The past few weeks have been transitional ones here, with the move to homeschooling two of the kids. I've been mostly in a good place of late, but I know that that's largely because I have just been too busy to think about how I'm feeling. Not that it's a bad thing, to be honest. I tend to go down the rabbit hole when met with idle time.
The last couple of days, there has been something unsettled in my heart. A familiar, but uncomfortable feeling, one that I know well. Had I really looked at the calendar, I would have realized why.
It's been four years, today.
Four years since I received a phone call that told me she was gone.
Four years now without my friend.
If I'm being completely honest with myself, I wasn't nearly as good a friend to her as I should have been, as I needed to be, especially those last weeks and months. The last time she and I talked, really talked, she'd nudged me along the sidelines of a soccer game on an unusually cold morning and spoke with an urgency I should have recognized, that I did recognize but was refusing to see reflected in my own reality.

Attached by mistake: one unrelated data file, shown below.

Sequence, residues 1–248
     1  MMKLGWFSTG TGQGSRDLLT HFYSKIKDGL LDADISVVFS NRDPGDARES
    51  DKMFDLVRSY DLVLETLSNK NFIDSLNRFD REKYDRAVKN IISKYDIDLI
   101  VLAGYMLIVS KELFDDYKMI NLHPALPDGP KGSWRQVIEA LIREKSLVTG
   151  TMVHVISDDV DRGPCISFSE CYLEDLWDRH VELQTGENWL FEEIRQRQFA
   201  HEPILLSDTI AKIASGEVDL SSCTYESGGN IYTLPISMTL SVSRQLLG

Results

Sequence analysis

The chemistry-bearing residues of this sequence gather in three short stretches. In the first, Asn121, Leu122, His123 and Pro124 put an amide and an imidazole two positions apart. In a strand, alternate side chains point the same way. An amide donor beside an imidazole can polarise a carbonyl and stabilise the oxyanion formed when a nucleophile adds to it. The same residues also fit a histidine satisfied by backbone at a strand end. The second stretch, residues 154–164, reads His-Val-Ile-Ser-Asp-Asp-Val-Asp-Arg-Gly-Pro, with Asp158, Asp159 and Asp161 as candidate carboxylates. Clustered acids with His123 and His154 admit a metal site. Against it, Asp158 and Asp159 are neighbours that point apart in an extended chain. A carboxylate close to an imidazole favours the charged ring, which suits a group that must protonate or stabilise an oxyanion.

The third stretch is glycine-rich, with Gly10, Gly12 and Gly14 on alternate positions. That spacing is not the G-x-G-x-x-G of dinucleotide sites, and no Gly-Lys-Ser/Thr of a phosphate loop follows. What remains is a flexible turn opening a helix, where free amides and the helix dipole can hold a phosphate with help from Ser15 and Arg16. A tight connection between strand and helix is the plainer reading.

I was in too bad of a place myself to be the friend I should have been, and I carry that regret with me to this day. I haven't forgiven myself for it yet. She'd tell me to.
I wish I'd have reached out to her more, I wish that I'd have let her in more. I wish that I'd allowed myself to be vulnerable, I wish I'd told her that I understood things more than I'd ever let on. I wish.
Wishing doesn't bring her back.
Wishing doesn't give me that morning again.
Wishing doesn't remove that phone call from my life, from the days and weeks that followed, from the long goodbyes to someone gone too soon.
There are people out there that placate those in grief with trite words like everything happens for a reason, as though there would ever be a reason for the world to lose someone as amazing as she was.
She was a unique and beautiful force in this life.
She taught me so many things in the years that I shared on this planet with her. She taught me kindness, she taught me patience. She taught me organization, she taught me how to celebrate. She taught me to keep laughing even when it hurts and she taught me grace for all the moments when the laughter won't come.
There are still times that I will be out somewhere and I'll hear a laugh that faintly resembles hers and I'll think for a moment that maybe she's there.
She is still here in a way, in the gifts she left behind, in the lessons she taught so many of us.
It's not the same though. It never will be.
I miss you, my dear friend, and I love you.
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